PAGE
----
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Captain James Cook

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Captain James Cook
Captain James Cook
  • Occupation: Explorer
  • Born: October 27, 1728 in Marton, England
  • Died: Killed by natives at the Hawaiian Islands on February 14, 1779
  • Best known for: Exploring the South Pacific

James Cook was a British navigator and explorer who sailed and mapped much of the South Pacific.

Where did Captain Cook grow up?

James Cook was born on October 27, 1728 in Marton, England. His father was a farmer, but as James grew older he began to feel the lure of the sea. At around the age of 18 he took an apprenticeship as a merchant seaman. Although he did well and was advancing in the merchant navy, Cook decided to enlist in the Royal Navy at the start of the Seven Years War.

It was during the Seven Years War that James became a master at map making. His ability at surveying, navigating, and creating large accurate maps was noticed by those high up in the Navy.

The Endeavour

Cook was given command of the Endeavour by England's Royal Society. The ship was a cat-collier that was typically used for carrying coal. It wasn't fast, but it was durable and could carry a lot of supplies.

Captain Cook introduced some rigid and innovative rules in order to keep his crew healthy and safe. He required his men to bathe every day, the ship to be kept very clean, and the bedding to be aired twice a week. He also brought lots of fresh fruit to keep his men from getting scurvy. These rules and planning helped his men to stay healthy throughout the long voyages ahead.

First Expedition

Cook set off for his first journey on August 26, 1768. His main objective was to observe the planet Venus as it passed between the Earth and the Sun. This would help astronomers to calculate the distance of the Sun from the Earth. He also hoped to find the fabled southern continent.

Routes of Captain James Cook
Routes of Captain James Cook through the South Pacific. The first voyage is in red, the second in green, and the third in blue.
Click to see a larger view.

During this trip he visited Tahiti (where he made the observations of Venus), the Society Islands, and New Zealand. He mapped much of the two main islands of New Zealand, but also ended up fighting with the local Maori tribe.

Next stop on the journey was the east coast of Australia. Here James and his crew found all sorts of interesting animals and plants including the kangaroo. Unfortunately, the ship was damaged on some coral and they had to stop for a while to do repairs. Many of the crew got malaria from mosquitoes during this stop and over 30 of the crew died from the disease.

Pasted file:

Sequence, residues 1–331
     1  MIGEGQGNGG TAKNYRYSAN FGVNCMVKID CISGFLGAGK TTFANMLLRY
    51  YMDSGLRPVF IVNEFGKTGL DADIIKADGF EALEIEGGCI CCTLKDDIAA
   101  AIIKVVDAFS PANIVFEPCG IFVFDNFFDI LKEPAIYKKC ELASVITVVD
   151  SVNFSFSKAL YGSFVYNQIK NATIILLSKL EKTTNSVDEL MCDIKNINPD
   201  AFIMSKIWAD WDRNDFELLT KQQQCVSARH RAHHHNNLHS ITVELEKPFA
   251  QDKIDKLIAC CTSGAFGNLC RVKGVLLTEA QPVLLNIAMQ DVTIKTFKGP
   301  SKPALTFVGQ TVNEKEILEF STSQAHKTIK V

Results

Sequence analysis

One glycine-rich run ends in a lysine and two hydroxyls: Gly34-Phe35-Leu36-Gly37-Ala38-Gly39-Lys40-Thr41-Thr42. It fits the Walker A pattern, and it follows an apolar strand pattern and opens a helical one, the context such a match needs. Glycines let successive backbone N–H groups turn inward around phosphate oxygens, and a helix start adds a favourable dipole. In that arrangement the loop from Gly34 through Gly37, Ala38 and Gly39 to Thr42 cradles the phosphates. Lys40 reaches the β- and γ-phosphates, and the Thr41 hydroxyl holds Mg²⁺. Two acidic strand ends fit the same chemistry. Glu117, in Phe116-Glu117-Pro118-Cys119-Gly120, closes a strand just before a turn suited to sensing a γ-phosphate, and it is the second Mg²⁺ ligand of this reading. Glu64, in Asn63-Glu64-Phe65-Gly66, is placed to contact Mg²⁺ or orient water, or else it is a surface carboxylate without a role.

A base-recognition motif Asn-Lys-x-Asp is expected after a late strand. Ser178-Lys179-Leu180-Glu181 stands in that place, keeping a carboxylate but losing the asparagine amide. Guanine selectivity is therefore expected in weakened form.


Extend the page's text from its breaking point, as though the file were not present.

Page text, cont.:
Finally they returned home in July of 1771, nearly three years after their departure.

Click here to see an animated route of Cook's first voyage.

Second Expedition

Captain Cook's second expedition took place from 1772-1775. This time he took two ships, the Adventure and the Resolution. His goal was to either discover the southern continent or prove that it didn't exist. He went below 70 degrees latitude. This was the furthest south any European had explored. He also visited Easter Island.

Click here to see an animated route of Cook's second voyage.

Final Journey

Cook's final expedition lasted from 1776 to 1779. The goal of this journey was to find a northwest passage across North America to Asia. He searched the coast of Alaska to no avail. He did find the Hawaiian Islands, however (they were named the Sandwich Islands at the time).

At first Captain Cook and his men got along well with the natives of the Hawaiian Islands. However, things went bad when the natives stole a sailboat. Cook tried to kidnap the chief to hold him as ransom for the boat. In the attempt a fight broke out and he was killed by the natives.

Captain Cook's Ship
Cook's ship the Resolution

Fun Facts about Captain Cook
  • The first European to set foot on Australia's east coast was Cook's nephew Isaac Smith.
  • The Endeavour also had scientists aboard including botanist Joseph Banks. They collected and recorded numerous plants and animals throughout their journey.
  • Tahiti was so nice and the natives so friendly that some of Cook's crew wanted to stay.
  • The Maori warriors in New Zealand wore tattoos on their faces. Some of the Endeavour's sailors got tattoos on their arms and started a tradition that continues today.
  • As Cook was exploring during the American Revolution, Benjamin Franklin wrote to the captains of America's warships telling them to not attack or harass Cook's ships.
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